The Second Wives

Olivia Trinidad Arias, also known as Olivia Harrison, was born on May 18, 1948 in Mexico city to Mary Louise, a seamstress, and Esquiel Arias, a dry-cleaner. She has four siblings : two sisters, Chris and Linda, and two brothers, Ron and Gilbert. She graduated from Hawthorne High School in 1965. She met future husband George Harrison in 1974 while working as a secretary at A&M Records (distributor of his Dark Horse Record label). She married George on September 2nd 1978 (after having his child), officially becoming the second Mrs.Harrison. She gave birth to his only child, Dhani, on August 1st of the same year. They lived a low-key life out of the spotlight. In December of 1999, George and Olivia were attacked at their manor of Friar Park (the same home he first shared with Pattie Boyd, his first wife) by a maniac even though the security mesures were really high (after John's 1980 murder). George was stabbed by the intruder. Olivia managed to knock the intruder out with a lamp, which led to a friend of George (Tom Petty) saying afterwards : ‘’Aren’t you glad you married a Mexican girl ?’’. She was by his side when he sadly died of lung cancer in 2001. With help from the second Beatle wives (Yoko, Barbara and Linda) and Elton John, she launched the charity Romanian Angel Appeal after reading about the plight of children in Romania. Olivia produced the Concert For George in her husband's memory in 2002. This concert was sold out at London's Royal Albert Hall and featured many musicians, whom were friends with George, such as Eric Clapton, Jeff Lynne, Paul McCartney, Tom Petty, Billy Preston, Ravi Shankar, Ringo Starr, and many more, including the first worldwide exposure of her son Dhani. Today, The Sunday Times List estimates her net worth at $229 million. [2009]. She said she will miss George til her dying day. She still lives in Friar Park to this day.
Barbara Ann Goldbach, mostly know as Barbara Bach, was born on August 27 1947 in Rosedale, New York to Marjorie and Howard Goldbach, a policeman. Born in the USA, she is of Austrian Jewish descent from her father’s side, of Irish descent from her mother’s side and of Romanian ancestry from her grandma’s side. She was the eldest of five children. Barbara left school at age 16 to pursue her buzzing modeling career (like Pattie, she was a sixties model). She even appeared on the cover of Vogue. Barbara had small roles in Italian films but it was really the 1977 James-Bond film The Spy Who Loved Me, in which she played the role of Russian spy Anya Amasova, that gave her recognition as an actress and catapulted her to the status of sex symbol (she appeared in Playboy several times). Aged 18 years old, she first married Italian businessman Augusto Gregorini (who was 11 years her senior) in 1968, whom she met on a flight to Rome, and moved with him to Italy and pursued her career in Italian films. She had two children with Gregorini, a daughter named Francesca (who went on to date Portia de Rossi) and a son named Gianni. In 1975, she divorced Gregorini and moved back to her homeland. She met her now-husband, drummer Ringo Starr, on the set of their 1980 movie Caveman (which was a flop), but had first seen him at a Beatles concert in 1965. They married on April 27 1981 in a grand wedding and have been together ever since. In 1993, Barbara got her master’s degree from UCLA in psychology and started the Self Help Addiction Recovery Program (both Ringo and her had had drinking problems in the past).
Linda Louise Eastman, also known as Lady Linda McCartney, was born on September 24 1941 to Jewish Americans parents, Lee and Louise Eastman. She had one older brother, John (July 10, 1939) and two younger sisters, Laura (born in 1947) and Louise Jr. (born in 1950). She grew up in the wealthy Scarsdale area of Westchester County, New York and graduated from Scarsdale High School in 1960. Contrary to popular rumors, Linda was not related to George Eastman of Eastman Kodak fame, but her mother (who died in an airplane crash in 1962, when Linda was 21) was indeed the heiress of the Lindner Department store. Both Paul and Linda lost their mothers at quite a young age, creating a bond between them. Linda studied Fine Art at the University of Arizona. She first married Joseph Melvin See Jr., whom she met in college. They married on June 18, 1962, and their daughter Heather Louise, who is now a pottery designer and was later adopted by Paul, was born on December 31, 1962. They divorced in June 1965, only 3 years later. See committed suicide with a self-inflicted gunshot wound on March 19, 2000, at his home in Tucson. On May 15, 1967, Linda Eastman met Paul McCartney at a Georgie Fame concert at the Bag O’Nails club in London. She was in the UK on an assignment to take photographs of “Swinging Sixties” musicians in London. Paul was still in a relationship with actress girlfriend Jane Asher. The two later went to the Speakeasy club on Margaret Street to see Procol Harum. They met again four days later at the launch party for Sergent Pepper’s Lonely Hearts Club Band at Brian Epstein’s house in Belgravia. When her assignment was completed, she flew back to New York City. In May 1968, they met again in New York, as John Lennon and Paul McCartney were there to announce the formation of Apple Corps. In September of the same year, he phoned her and asked her to fly over to London. They were married six months later at a small civil ceremony (she was four months pregnant with their daughter Mary) at Marylebone Registry Office on 12 March 1969. They later had daughter Stella McCartney, a now very popular fashion designer, and finally, son James McCartney. Along with her husband and Denny Laine, they formed the band Wings. Throughout her life, Linda was a devoted animal activist and also a vegetarian, publishing books on the subject. Linda was diagnosed in 1995 with breast cancer and died of the disease on April 17, 1998 at the McCartney family Ranch in Tucson, with her loving husband and four children at her bedside.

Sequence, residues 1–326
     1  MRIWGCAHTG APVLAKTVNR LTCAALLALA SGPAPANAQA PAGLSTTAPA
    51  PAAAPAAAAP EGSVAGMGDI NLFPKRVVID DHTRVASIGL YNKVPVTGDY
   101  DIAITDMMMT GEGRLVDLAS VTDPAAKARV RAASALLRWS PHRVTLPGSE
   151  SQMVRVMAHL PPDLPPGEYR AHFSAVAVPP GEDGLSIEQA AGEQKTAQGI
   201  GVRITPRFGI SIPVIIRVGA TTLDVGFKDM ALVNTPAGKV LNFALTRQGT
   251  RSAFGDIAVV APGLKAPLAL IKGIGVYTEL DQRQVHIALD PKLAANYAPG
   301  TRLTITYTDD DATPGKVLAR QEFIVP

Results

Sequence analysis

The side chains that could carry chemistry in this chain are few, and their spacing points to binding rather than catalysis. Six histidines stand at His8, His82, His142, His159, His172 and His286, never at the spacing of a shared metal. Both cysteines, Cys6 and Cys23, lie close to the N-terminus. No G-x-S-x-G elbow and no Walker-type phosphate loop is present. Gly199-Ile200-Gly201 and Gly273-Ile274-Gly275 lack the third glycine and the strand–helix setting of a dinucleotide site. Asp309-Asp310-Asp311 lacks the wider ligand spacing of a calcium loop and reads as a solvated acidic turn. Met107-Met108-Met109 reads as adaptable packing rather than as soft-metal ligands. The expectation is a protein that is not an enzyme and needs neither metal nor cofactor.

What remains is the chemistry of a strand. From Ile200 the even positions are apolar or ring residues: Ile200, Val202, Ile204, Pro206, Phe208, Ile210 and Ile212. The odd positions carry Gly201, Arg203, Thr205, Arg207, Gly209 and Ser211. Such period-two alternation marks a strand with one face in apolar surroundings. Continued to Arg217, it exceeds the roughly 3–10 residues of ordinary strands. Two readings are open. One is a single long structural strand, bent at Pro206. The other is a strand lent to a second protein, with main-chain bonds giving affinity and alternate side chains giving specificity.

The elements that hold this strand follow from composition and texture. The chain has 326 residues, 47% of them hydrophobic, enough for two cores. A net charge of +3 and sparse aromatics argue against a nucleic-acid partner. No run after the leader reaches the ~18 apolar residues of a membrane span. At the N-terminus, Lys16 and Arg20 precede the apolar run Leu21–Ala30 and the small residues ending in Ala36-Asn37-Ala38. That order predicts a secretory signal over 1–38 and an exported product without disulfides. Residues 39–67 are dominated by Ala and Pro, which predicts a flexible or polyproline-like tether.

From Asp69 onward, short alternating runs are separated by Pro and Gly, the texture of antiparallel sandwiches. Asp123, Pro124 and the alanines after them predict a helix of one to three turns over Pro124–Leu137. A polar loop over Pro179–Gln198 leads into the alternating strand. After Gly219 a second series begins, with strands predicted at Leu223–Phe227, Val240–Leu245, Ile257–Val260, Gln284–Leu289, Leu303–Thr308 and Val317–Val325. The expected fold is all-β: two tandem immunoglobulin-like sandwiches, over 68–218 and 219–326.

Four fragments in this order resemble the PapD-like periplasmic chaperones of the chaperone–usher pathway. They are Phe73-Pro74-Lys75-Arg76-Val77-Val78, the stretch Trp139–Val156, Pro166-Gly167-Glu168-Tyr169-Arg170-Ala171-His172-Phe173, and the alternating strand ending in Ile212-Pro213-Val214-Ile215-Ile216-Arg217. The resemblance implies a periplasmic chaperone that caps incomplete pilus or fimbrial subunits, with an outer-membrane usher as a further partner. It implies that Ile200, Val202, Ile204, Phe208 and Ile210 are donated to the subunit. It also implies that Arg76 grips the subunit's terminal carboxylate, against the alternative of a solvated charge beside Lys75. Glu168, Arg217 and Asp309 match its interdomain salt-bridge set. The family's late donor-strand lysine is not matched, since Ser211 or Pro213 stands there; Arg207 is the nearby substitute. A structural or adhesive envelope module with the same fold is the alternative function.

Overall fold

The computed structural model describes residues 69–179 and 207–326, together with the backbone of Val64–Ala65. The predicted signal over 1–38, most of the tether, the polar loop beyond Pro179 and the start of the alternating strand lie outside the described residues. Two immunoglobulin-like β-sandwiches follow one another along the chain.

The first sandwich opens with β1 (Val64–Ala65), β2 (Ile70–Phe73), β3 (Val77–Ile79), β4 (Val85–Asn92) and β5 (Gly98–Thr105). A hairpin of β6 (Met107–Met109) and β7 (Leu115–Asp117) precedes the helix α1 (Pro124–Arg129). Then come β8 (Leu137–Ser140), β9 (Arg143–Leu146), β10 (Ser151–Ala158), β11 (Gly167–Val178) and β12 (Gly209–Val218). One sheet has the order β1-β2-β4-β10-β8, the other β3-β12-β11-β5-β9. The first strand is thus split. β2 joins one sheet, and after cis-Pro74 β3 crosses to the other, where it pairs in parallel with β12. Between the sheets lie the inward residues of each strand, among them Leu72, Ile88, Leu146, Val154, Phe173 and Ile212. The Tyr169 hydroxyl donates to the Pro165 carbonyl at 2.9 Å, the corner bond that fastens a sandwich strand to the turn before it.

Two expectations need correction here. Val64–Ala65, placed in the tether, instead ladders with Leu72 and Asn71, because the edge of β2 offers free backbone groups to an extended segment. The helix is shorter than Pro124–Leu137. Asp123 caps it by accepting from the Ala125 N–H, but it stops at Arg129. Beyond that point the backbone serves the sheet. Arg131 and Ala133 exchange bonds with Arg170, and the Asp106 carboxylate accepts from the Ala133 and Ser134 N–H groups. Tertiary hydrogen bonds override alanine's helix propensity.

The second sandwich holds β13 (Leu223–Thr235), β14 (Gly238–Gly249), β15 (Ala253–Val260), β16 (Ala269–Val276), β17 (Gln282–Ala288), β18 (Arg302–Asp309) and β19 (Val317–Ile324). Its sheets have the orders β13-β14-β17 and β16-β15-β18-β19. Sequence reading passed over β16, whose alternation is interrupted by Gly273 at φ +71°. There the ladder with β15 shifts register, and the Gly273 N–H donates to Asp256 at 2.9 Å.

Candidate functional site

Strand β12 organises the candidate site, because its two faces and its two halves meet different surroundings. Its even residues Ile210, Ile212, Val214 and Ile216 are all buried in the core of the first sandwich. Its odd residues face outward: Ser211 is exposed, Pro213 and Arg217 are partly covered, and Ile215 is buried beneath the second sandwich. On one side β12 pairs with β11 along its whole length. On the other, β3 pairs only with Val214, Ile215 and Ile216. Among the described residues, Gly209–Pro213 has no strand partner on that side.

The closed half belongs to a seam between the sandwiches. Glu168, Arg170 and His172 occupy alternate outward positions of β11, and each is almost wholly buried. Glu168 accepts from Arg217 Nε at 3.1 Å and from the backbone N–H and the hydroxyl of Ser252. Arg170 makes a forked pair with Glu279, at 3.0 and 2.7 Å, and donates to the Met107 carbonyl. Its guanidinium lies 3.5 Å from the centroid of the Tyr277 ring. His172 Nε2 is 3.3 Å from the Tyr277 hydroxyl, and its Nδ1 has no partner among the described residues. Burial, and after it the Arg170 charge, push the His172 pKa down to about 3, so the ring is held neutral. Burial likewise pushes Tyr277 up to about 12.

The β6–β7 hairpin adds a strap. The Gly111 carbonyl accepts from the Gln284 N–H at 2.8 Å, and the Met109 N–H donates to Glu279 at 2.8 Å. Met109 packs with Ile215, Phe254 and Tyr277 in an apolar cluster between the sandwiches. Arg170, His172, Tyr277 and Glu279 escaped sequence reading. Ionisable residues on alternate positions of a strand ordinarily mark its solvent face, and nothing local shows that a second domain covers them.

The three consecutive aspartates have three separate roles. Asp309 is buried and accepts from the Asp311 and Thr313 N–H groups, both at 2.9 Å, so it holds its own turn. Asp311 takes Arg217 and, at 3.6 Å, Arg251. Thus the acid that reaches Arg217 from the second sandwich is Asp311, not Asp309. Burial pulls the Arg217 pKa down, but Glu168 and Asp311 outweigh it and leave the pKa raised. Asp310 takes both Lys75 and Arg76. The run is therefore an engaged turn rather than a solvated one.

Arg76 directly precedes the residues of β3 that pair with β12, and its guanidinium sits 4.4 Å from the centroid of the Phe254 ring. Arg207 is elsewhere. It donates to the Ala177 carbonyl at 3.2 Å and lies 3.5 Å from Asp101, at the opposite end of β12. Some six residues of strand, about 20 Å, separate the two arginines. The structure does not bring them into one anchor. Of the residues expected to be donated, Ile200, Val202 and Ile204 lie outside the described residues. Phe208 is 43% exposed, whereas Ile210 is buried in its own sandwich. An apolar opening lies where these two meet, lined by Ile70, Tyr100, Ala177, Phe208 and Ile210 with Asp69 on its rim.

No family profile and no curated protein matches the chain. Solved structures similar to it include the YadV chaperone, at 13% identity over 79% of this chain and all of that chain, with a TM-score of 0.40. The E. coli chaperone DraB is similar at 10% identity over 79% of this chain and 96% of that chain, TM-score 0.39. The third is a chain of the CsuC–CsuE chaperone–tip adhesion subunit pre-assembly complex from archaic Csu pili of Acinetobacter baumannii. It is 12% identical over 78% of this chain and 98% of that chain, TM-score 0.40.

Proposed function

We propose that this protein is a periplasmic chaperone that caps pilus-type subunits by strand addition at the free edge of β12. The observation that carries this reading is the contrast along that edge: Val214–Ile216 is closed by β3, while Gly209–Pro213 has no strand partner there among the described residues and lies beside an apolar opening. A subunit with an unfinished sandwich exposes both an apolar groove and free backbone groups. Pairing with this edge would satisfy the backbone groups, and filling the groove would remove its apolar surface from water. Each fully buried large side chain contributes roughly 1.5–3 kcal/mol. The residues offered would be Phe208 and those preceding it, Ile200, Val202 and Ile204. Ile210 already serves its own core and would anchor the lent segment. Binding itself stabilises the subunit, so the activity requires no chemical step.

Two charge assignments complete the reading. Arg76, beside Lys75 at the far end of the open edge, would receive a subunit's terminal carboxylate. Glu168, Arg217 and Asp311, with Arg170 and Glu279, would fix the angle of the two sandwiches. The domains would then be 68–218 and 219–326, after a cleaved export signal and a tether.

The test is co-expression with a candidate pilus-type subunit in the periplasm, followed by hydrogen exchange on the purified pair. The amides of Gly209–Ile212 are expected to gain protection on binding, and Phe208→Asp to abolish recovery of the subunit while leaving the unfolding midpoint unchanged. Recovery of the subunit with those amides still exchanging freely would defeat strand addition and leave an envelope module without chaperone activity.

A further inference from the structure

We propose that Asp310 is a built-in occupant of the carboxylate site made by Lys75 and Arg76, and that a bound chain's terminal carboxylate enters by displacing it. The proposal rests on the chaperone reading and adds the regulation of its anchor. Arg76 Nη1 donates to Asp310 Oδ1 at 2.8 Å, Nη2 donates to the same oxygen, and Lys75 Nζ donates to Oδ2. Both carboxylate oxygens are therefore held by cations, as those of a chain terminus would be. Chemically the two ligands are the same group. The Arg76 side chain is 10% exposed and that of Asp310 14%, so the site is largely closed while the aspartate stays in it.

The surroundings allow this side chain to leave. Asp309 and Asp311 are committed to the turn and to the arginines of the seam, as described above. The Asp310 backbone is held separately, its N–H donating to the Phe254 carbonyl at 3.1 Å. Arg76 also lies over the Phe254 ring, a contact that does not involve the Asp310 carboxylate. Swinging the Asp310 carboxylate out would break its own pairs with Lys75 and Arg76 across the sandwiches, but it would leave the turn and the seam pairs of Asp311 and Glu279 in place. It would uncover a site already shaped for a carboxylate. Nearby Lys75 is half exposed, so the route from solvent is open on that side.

Yoko Ono was born in 1933 to mother Isoko Ono, the great-granddaughter of Zenjiro Yasuda of the Yasuda banking family, and to father Yeisuke Ono, a banker and one-time classical pianist who was a descendant of an Emperor of Japan. Two weeks before she was born, her father was transferred to San Francisco by his employer, the Yokohama Specie Bank.The rest of the family followed soon after and Yoko met her father when she was two. Her younger brother Keisuke was born in December 1936. In 1937, her father was transferred back to Japan and Ono was enrolled at Tokyo's Gakushuin (also known as the Peers School), one of the most exclusive schools in Japan. In 1940, the family moved to New York City, where Ono's father was working. In 1941, her father was transferred to Hanoi and the family returned to Japan. Ono was then enrolled in Keimei Gakuen, an exclusive Christian primary school run by the Mitsui family.  She graduated in 1951 and was accepted into the philosophy program of Gakushuin University, the first woman ever to be accepted into that department of the exclusive university. However, after two semesters, she left the school. In 1956, she married composer Toshi Ichiyanagi. They divorced in 1962 after living apart for several years. On November 28 that same year, Ono married an American named Anthony Cox. Cox was a jazz musician, film producer and art promoter. He had heard of Ono in New York and tracked her down to a mental institution in Japan, where her family had placed her following a suicide attempt. Ono had neglected to finalize her divorce from Ichiyanagi, so their marriage was annulled on March 1, 1963 and Cox and Ono married on June 6. Their daughter, Kyoko Chan Cox, was born two months later on August 3, 1963. The marriage quickly fell apart but the Coxes stayed together for the sake of their joint career. They performed at Tokyo's Sogetsu Hall with Ono lying atop a piano played by John Cage. Soon the Coxes returned to New York with Kyoko. In the early years of this marriage, Ono left most of Kyoko's parenting to Cox while she pursued her art full-time and Tony managed publicity. After she divorced Cox on February 2, 1969, Ono and Cox engaged in a bitter legal battle for custody of Kyoko, which resulted in Ono being awarded full custody. However, in 1971, Cox disappeared with eight-year-old Kyoko. Cox and Kyoko sent Ono a sympathy message after Lennon's 1980 murder. Afterwards, the bitterness between the parents lessened slightly and Ono publicly announced in People Magazine that she would no longer seek out the now-adult Kyoko, but still wished to make contact with her. In 1994, Kyoko made contact with Ono and established a relationship. Ono first met John Lennon when he visited a preview of an exhibition of Ono's at the Indica Gallery in London on November 9, 1966. Lennon's first personal encounter with Ono involved her passing him a card that read simply "Breathe". Another work displayed a real apple with a card reading "APPLE." When John was told that the price of the apple was £200 (approximately £2300 or $4600 in 2007 money), he later reported that he thought "This is a joke, this is pretty funny". Another display was a white board with nails in it with a sign inviting visitors to hammer a nail into its surface. Since the show was not beginning until the following day, Ono refused to allow Lennon to hammer in a nail. The gallery owner whisked her away, saying, "Don't you know who that is? He's a millionaire!" Upon returning to John, she said he could hammer in a nail for five shillings. Lennon replied, "I'll give you an imaginary five shillings if you let me hammer in an imaginary nail". Lennon referred to Ono in many of his songs. While still a Beatle he wrote "The Ballad of John and Yoko", and he alluded to her indirectly in "Julia", a song dedicated to his mother, with the lyrics: "Ocean child calls me, so I sing a song of love" (The kanji 洋子 ("Yoko") means "ocean child"). Ono and Lennon collaborated on many albums, beginning in 1968 when Lennon was still a Beatle, with Unfinished Music No.1: Two Virgins, an album of experimental and difficult electronic music. That same year, the couple contributed an experimental piece to The White Album called "Revolution 9". Ono also contributed backing vocals (on "Birthday"), and one line of lead vocals (on "The Continuing Story of Bungalow Bill") to The White Album. Many of the couple's later albums were released under the name the Plastic Ono Band. The couple also appeared together at concerts. Both the press and the public were critical of her. She was blamed for the breakup of The Beatles and repeatedly criticized for her influence over Lennon and his music. Her experimental art was not popularly understood. After the Beatles disbanded, Lennon and Ono cohabited in London and then in New York. Their relationship was very strained as Lennon faced near-certain deportation from the United States based on the British drug charges and Ono was separated from her daughter, who would have remained behind if Ono followed Lennon back to England. The couple separated in 1973 and the two began living separate lives, Ono pursuing her career in New York and Lennon living in Los Angeles with personal assistant May Pang in a period commonly referred to as his "lost weekend". In 1975, the couple reconciled. Their son, Sean, was born on Lennon's 35th birthday, October 9, 1975. After Sean's birth, the couple lived in relative seclusion at the Dakota in New York. John Lennon retired from music to become a househusband caring for their child, until shortly before his murder in December 1980, which Ono witnessed at close range. Ono has stated that the couple were thinking about going out to dinner (after spending several hours in a recording studio), but were returning to their apartment instead, because John wanted to see Sean before he was put to bed. Following the murder, she went into complete seclusion for an extended period.